MYRTLE BEACH — Passenger numbers have rebounded this year at Myrtle Beach International Airport, but still remain off the record pace in 2011.
More passengers flew into Myrtle Beach through October this year than all of 2012, which was a disappointing year capped with a 16 percent decline in passenger numbers.
New destinations, an earlier-than-usual start to some seasonal flights and bigger planes have boosted seat capacity to Myrtle Beach this year, leading to increases in passenger numbers throughout the year, officials have said.
“The growth in passenger traffic at MYR can be attributed to an airline industry that is becoming financially healthy after years of tough economic times,” airport spokesman Kirk Lovell said. “As the industry becomes stronger, airlines have been able to add seat capacity and new destinations into Myrtle Beach International Airport. With additional seat capacity and service to new destinations, and the continued popularity of Myrtle Beach, S.C., passenger traffic at MYR is showing year-over-year growth.”
Through October, 749,113 passengers flew into Myrtle Beach -- more than the 742,097 incoming passengers in all of 2012, according to the latest airport statistics. For the same 10-month period in 2011, about 793,547 passengers flew into Myrtle Beach.
The airport did have its busiest August ever this year and second-busiest June. It also moved into the new $118 million terminal in April. In October, 74,015 passengers flew into Myrtle Beach, up from the 63,715 passengers that flew into Myrtle Beach in October 2012, according to the airport statistics released this week.
Officials see the airport as a way to grow the Grand Strand’s tourism industry, which has been mainly a drive-to destination. Landing flights to new markets could help lure new visitors to the beach by making it a more convenient destination to get to, officials have said.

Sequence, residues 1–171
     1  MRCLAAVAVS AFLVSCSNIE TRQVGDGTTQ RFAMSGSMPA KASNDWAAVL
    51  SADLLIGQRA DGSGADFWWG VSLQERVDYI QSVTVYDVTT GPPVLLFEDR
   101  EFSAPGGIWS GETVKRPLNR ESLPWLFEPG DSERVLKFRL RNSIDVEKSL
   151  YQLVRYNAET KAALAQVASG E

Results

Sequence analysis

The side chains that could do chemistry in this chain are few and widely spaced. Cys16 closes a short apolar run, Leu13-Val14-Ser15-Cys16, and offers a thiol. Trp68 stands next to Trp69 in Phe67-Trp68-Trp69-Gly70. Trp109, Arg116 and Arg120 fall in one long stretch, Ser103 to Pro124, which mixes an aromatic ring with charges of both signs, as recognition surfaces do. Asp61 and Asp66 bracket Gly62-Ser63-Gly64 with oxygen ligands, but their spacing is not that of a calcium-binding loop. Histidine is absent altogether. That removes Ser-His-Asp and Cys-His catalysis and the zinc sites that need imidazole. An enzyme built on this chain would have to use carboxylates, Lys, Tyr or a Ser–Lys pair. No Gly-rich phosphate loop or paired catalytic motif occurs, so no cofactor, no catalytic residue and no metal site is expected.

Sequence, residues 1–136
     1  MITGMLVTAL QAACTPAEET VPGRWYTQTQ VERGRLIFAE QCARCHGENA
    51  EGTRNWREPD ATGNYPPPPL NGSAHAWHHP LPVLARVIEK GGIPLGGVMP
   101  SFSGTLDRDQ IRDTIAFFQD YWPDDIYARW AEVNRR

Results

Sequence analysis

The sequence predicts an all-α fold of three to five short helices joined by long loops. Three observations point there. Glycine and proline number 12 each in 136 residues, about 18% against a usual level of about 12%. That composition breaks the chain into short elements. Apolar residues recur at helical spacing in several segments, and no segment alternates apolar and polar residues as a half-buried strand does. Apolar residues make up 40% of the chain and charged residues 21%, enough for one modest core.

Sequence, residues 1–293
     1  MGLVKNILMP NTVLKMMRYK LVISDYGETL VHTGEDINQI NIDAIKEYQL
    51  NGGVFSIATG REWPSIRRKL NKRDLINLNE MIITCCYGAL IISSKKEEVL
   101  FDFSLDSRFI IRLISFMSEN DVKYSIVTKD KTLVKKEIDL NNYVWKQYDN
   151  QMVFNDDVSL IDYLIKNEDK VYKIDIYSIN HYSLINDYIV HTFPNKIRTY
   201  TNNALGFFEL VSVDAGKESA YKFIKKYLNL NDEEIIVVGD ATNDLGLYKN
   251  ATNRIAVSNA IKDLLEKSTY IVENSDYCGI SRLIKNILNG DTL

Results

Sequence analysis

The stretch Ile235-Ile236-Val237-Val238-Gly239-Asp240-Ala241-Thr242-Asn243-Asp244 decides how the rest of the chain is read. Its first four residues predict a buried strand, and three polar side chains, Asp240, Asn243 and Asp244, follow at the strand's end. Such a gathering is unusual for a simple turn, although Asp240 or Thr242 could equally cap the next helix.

Canadian carrier WestJet wrapped up its first season serving Myrtle Beach in late October, bringing 717 passengers into Myrtle Beach that month. During its six months flying here, the carrier brought 4,636 passengers into Myrtle Beach, according to airport statistics. That was short of expectations, and Horry County is having to pay the carrier roughly $570,000 to make up for WestJet’s revenue shortfall, as outlined in an agreement signed before the carrier started serving Myrtle Beach in May.
Passenger numbers at three airlines jumped by 30 percent or more during October: Spirit Airlines, which carries roughly half the passengers in Myrtle Beach each year; United Airlines and Porter Airlines, which started its fall flights to Canada in October.
Spirit, which serves four destinations year-round from Myrtle Beach, has the same plan for Myrtle Beach as it did this year, which includes starting some of its seasonal flights in mid-February and using bigger planes during the summer.
Spirit’s daily flights to Chicago and Detroit resume Feb. 13, while service to other destinations also will begin as early as mid-February and ramp up in the spring and summer as the beach gets busier.
“Also...we’re planning to operate almost all of our flights during the peak summer season using our larger, 178-seat Airbus A320 aircraft,” spokeswoman Misty Pinson said in an email.
Lovell said the momentum at Myrtle Beach International should continue into 2014, as long as the airline industry stays healthy.
“Horry County Department of Airports is optimistic that passenger volumes, into and out of Myrtle Beach International Airport, will continue to show growth in the coming months,” Lovell said. “Of course, this is assuming the aviation system continues to show positive economic growth.”
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